Lines luxury cruise ship owned by the Linea & ;C"; Company of Genoa.
Today, she is resting on the ocean
floor off the southwest coast of Grenada. The Bianca C was built in 1944 by Provencale de Constructions Navales, La Ciotat in yard #161. She had triple
screws and 31,500 BHP sulzer diesels that could push her at speeds of up to
twenty two knots, two masts and one funnel. She was originally launched as the
Marechal Petain, then renamed in 1946 the La Marseillaise, and in 1958 she was
sold to the Arosa Line Inc. and renamed the Arosa Sky. The vessel had
accommodations for 200 first class passengers and1,030 tourist class passengers.
The first class dining salon had a glass roofed hall two decks in height.
She was also equipped with a swimming pool, solarium, beauty parlor, library,
gym, and a children's playground. The Bianca C was sunk once before her construction was ever completed.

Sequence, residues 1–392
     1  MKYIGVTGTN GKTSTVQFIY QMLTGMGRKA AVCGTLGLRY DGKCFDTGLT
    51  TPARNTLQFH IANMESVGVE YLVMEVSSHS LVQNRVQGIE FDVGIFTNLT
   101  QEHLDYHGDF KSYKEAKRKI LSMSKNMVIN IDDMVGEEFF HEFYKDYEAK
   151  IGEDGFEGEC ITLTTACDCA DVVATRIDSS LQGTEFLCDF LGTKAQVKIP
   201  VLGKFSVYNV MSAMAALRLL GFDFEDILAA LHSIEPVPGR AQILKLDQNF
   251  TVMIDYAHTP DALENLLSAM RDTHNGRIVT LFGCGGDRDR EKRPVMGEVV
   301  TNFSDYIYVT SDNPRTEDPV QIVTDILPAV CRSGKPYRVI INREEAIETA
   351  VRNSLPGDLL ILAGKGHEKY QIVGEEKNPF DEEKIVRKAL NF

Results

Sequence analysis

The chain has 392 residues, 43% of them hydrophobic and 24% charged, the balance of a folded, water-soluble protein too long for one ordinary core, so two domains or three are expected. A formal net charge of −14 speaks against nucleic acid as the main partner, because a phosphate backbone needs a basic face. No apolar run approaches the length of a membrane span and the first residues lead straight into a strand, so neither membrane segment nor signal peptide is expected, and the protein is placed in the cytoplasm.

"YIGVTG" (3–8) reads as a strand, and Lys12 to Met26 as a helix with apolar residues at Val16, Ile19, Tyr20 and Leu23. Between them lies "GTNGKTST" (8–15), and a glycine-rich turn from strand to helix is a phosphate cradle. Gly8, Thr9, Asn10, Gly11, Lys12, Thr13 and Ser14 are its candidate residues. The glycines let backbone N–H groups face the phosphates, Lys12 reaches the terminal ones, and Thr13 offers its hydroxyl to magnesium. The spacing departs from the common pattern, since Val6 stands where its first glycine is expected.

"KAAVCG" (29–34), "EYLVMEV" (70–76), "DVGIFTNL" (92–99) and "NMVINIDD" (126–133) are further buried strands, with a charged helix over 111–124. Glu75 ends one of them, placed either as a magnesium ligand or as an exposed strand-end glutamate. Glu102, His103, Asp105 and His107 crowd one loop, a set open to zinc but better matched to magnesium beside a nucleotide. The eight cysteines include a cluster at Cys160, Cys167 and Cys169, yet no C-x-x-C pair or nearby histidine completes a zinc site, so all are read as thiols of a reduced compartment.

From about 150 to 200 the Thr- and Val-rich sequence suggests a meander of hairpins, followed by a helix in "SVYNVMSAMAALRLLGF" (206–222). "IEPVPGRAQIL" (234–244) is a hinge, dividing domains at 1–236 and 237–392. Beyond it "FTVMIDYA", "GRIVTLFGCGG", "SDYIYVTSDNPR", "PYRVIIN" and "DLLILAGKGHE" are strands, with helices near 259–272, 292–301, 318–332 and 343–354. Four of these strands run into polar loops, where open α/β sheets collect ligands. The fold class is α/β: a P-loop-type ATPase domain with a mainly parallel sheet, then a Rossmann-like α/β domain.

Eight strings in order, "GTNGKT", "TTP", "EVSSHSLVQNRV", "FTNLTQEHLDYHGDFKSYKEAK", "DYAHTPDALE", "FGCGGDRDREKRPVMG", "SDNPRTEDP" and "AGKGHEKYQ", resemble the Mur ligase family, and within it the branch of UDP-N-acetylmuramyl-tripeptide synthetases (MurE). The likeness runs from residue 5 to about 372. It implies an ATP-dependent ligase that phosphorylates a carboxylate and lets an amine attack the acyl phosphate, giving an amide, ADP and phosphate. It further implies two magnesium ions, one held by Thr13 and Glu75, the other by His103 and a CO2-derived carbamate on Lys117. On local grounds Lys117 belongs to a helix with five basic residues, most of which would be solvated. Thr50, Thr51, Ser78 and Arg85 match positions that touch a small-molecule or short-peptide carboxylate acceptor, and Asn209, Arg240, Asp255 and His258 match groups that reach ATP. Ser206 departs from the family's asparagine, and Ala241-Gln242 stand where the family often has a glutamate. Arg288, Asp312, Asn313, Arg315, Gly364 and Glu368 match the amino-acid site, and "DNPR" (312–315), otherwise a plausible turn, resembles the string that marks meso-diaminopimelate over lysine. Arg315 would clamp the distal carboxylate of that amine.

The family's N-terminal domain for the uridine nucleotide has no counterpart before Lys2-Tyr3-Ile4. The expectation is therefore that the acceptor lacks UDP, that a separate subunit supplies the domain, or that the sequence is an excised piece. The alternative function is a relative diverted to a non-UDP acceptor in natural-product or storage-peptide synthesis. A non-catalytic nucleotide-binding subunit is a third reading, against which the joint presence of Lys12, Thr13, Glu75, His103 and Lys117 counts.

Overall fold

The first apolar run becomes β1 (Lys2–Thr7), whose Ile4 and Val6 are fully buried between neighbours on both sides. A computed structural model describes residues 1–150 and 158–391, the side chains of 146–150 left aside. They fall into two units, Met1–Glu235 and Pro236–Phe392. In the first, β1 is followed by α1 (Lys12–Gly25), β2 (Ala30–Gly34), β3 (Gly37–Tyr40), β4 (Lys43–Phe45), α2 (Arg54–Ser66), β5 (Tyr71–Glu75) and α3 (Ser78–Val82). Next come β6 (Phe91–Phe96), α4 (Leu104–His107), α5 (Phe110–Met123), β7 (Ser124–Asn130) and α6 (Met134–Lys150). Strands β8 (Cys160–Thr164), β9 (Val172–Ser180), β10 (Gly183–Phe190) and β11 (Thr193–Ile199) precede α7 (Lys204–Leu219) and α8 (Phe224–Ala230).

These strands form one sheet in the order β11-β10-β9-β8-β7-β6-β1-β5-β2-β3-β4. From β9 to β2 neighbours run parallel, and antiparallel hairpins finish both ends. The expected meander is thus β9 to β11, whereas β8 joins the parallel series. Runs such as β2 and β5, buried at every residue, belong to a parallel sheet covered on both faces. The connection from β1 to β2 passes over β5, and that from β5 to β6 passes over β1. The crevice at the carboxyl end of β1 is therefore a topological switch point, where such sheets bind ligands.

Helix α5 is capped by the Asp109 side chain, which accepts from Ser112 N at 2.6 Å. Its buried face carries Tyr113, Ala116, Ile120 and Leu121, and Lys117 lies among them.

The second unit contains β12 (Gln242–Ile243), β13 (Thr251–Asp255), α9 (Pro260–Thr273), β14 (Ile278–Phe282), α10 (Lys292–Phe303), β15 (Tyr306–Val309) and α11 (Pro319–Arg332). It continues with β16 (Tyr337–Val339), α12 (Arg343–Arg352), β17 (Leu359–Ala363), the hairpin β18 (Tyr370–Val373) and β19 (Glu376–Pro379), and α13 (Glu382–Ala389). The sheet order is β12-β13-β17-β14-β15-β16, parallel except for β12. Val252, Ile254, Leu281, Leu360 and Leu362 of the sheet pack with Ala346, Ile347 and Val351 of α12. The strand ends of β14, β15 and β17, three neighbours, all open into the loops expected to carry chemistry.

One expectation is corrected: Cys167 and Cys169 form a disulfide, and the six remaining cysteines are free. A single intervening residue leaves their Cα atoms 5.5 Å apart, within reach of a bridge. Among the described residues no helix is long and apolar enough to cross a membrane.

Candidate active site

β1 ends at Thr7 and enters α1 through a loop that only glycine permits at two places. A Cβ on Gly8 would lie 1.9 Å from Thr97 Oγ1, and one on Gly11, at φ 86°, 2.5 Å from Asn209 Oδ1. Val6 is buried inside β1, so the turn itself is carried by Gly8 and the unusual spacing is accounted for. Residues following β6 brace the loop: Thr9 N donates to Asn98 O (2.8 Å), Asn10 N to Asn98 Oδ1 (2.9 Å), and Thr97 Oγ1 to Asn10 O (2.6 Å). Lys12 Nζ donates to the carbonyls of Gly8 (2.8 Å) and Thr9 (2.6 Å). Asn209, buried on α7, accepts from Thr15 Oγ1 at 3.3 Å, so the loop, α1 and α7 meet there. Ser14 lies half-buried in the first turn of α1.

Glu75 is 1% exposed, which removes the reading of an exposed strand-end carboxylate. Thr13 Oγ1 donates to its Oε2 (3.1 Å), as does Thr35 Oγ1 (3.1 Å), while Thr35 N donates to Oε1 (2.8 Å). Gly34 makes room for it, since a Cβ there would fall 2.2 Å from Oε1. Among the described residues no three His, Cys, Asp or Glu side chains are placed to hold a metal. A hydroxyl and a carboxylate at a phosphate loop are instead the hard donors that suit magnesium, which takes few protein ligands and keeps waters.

After being launched in 1944,the Marechal Petain's hull was towed to Port Bouc.
In August of the same year, the Germans sank the incomplete vessel as they
retreated from Southern France. The ship was later raised and completed.
On October 22, 1961,ten days after she left Italy the Bianca C was on her last
port of call before returning to Europe on her usual run from Naples to La
Guaira in Venezuela. She was under the command of Captain Francisco Gravato and
at anchor off St.Georges, Grenada when suddenly, before dawn one of her
massive boilers exploded instantly killing one of her crewmen. Fuelled by
bunker oil in the storage tanks, flames rapidly spread from the engine room to
every deck. The explosion on the ship was so massive it sent tremors through the